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How to plan your marathon mini break

Travel

The words “marathon” and “holiday” in the same breath might sound like an oxymoron but pairing a running race with a long weekend away is a win-win scenario: the promise of a short break is strong incentive to get running in the first place, and having a few days off after the event is a great way to celebrate completing a tough physical challenge.

Whether you fancy treating yourself after the race with as many patisserie you can eat in Paris, chasing adrenaline on the roller coasters of Tivoli Gardens in Copenhagen, or simply enjoying a tenderly crafted cup of coffee as the sun shimmers over softly rippling waters in Stockholm, there’s a marathon mini-break to suit everybody.

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There is always time to plan a holiday while on a sporting event.

Picking your destination

If you only have a weekend and a few days either side at your disposal, it’s best to plump for a marathon in Europe. Minimising your travel time means you can conserve energy before the race, plus maximise relaxation time afterwards. European city breaks work well because you can see and do plenty within the limited time frame, making the most of the vibrant food scenes and cultural experiences on offer.

Where to stay

Most city marathons start and finish in central locations, and it’s worth trying to find accommodation nearby too. Finishing a marathon can be an emotional thing, and by the time your legs have turned to jelly and layers of sweat have made your skin gritty and chafed, the last thing you need is a long trek across town. A friend once ingeniously booked accommodation right on the doorstep of the Copenhagen marathon finishing line. After the race, he simply hobbled across the road and jumped into the shower, an experience that he described as “literally the best feeling ever.”

When to go

Most runners will be thinking about their pace and the time they’d like to see as they cross the finish line, but it’s also worth thinking about the timing of the mini-break itself. Marathons tend to run on the weekend, so ideally plan to arrive just a day or so before the race, with the bulk of the holiday to come after the run. This structure works better than the reverse: if you arrive too far in advance of the race you might find that pre-race jitters make it harder to enjoy the holiday aspect. You’ll be in a much better position to relish all that your chosen destination has to offer once the marathon is done and dusted – though bear in mind whoever’s running may well need a day to recover before they can face full-on sightseeing.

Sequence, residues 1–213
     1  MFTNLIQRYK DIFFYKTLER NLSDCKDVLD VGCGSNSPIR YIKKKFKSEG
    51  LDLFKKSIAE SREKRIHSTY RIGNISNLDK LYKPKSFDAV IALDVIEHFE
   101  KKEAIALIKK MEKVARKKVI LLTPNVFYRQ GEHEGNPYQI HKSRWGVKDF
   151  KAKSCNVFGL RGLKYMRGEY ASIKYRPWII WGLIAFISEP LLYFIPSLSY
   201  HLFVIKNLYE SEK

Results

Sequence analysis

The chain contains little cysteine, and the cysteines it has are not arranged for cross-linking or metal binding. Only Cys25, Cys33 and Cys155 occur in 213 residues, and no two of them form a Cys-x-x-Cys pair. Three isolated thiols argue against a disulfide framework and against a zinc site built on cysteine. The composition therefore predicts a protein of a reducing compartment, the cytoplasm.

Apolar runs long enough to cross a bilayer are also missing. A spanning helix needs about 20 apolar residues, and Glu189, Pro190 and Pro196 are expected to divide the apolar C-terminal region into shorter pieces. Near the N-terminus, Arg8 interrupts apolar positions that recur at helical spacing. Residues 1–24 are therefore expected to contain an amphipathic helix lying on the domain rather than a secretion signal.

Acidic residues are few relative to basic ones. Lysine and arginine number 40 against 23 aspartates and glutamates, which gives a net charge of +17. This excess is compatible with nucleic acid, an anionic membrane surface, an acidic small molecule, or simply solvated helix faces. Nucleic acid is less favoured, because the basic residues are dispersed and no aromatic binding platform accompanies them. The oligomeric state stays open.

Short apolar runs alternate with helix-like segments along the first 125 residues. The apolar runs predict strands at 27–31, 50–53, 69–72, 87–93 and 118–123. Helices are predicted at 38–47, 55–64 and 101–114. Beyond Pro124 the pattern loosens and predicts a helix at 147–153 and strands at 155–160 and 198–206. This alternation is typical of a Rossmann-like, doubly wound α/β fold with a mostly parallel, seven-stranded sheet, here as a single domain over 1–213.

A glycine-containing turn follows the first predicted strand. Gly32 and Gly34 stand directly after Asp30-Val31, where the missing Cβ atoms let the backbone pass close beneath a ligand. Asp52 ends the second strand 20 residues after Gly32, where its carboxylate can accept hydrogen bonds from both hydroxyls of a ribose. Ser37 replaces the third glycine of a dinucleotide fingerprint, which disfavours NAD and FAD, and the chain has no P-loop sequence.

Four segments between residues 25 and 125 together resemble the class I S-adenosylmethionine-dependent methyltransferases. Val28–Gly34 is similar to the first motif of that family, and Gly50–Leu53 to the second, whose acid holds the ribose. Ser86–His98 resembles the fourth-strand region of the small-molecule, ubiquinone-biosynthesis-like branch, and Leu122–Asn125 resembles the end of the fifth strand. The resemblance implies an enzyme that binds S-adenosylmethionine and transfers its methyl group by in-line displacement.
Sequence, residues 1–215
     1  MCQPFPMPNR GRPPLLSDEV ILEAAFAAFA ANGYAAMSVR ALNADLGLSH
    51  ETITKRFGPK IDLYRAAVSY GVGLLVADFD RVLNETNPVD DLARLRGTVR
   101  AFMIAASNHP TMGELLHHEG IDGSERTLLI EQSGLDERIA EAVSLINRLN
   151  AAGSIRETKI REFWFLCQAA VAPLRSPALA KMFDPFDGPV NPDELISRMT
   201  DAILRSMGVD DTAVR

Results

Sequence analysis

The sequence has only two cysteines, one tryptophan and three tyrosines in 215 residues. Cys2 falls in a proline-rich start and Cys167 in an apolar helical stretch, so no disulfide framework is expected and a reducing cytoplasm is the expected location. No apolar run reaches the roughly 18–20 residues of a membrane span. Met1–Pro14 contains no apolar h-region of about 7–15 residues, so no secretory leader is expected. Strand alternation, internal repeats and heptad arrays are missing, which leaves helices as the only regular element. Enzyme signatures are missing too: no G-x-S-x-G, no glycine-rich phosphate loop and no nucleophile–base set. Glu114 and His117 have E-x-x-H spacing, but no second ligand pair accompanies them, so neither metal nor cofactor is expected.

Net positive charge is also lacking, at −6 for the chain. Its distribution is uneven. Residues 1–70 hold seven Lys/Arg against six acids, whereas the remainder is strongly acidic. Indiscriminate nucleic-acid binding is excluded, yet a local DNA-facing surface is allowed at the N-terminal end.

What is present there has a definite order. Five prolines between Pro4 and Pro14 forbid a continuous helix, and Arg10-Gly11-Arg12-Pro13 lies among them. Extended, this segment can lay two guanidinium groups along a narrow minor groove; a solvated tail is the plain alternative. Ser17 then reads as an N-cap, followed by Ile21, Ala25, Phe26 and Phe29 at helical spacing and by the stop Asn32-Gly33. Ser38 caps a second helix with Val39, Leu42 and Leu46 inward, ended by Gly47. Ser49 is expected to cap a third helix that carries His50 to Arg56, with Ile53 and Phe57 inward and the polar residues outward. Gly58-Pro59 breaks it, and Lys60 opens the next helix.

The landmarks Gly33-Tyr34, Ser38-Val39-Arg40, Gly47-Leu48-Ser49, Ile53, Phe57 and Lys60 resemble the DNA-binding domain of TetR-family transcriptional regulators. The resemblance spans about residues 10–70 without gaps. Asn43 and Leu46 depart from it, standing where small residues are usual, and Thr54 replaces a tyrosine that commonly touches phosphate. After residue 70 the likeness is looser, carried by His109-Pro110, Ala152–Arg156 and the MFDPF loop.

Refuelling

During training, many runners like to cut alcohol from their diet. The idea of downing an ice-cold beer or relishing a crisp white wine once it’s all over becomes a dangling carrot. In reality, the immediate aftermath of running 26 miles is not always conducive to a cheeky drink. If you’re planning to have a special celebratory drink or meal, try to book it in for the day after the race when runners have sufficiently recuperated and developed ferocious next-day appetites. My husband wouldn’t have fully savoured our terrific three-course lunch at Matur og Drykkur in Reykjavik if we had gone straight after the marathon – I suspect he would’ve ended up face down in the salt-cod croquettes instead.

Rest, relax and repeat

Unless you’re a glutton for punishment, it’s unlikely that you’ll be up for more physical adventures after the marathon. Give yourself a well-earned rest with memorable, chilled out experiences instead. If you run the Rotterdam race, ranked as one of the fastest and flattest in the world, spend a couple of hours exploring the Markthal: a bustling, horseshoe-shaped food market decorated with eye-popping murals of enormous mangetout, plump raspberries, and supersized sheafs of wheat. Opt for Vienna’s particularly scenic event, and it’s worth setting aside at least half a day to soak up the splendour and history of the sprawling Schönbrunn Palace.

Best cities for a marathon mini-break

London: 23 April Madrid: 23 April Vienna: 23 April Prague: 7 May Copenhagen: 21 May Stockholm: 3 June Helsinki: 12 August Reykjavik: 19 August Oslo: 16 September Berlin: 24 September Brussels: 1 October Budapest: 15 October Venice: 22 October Athens: 12 November Barcelona: 11 March Rome: 8 April Paris: 8 April Rotterdam: 8 April


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